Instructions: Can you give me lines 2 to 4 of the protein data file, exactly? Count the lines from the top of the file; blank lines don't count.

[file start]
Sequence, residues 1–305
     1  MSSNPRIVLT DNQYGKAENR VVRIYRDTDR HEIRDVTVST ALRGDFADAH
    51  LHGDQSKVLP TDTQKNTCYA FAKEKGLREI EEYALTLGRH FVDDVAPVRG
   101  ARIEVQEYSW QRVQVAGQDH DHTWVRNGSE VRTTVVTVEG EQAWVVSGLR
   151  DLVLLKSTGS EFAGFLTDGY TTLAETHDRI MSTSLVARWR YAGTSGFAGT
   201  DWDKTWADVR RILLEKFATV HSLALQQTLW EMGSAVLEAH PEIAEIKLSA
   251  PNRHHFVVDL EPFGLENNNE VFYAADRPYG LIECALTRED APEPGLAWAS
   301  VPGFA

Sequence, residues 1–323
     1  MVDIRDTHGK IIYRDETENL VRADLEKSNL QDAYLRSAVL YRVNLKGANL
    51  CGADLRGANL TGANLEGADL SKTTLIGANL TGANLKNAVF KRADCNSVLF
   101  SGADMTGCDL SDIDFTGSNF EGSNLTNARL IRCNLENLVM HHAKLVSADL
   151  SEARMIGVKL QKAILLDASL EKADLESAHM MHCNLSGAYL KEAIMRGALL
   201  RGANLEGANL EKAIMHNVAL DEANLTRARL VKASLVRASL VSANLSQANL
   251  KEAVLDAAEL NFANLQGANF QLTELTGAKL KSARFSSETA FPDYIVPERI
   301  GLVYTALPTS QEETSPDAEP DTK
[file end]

     1  MSSNPRIVLT DNQYGKAENR VVRIYRDTDR HEIRDVTVST ALRGDFADAH
    51  LHGDQSKVLP TDTQKNTCYA FAKEKGLREI EEYALTLGRH FVDDVAPVRG
   101  ARIEVQEYSW QRVQVAGQDH DHTWVRNGSE VRTTVVTVEG EQAWVVSGLR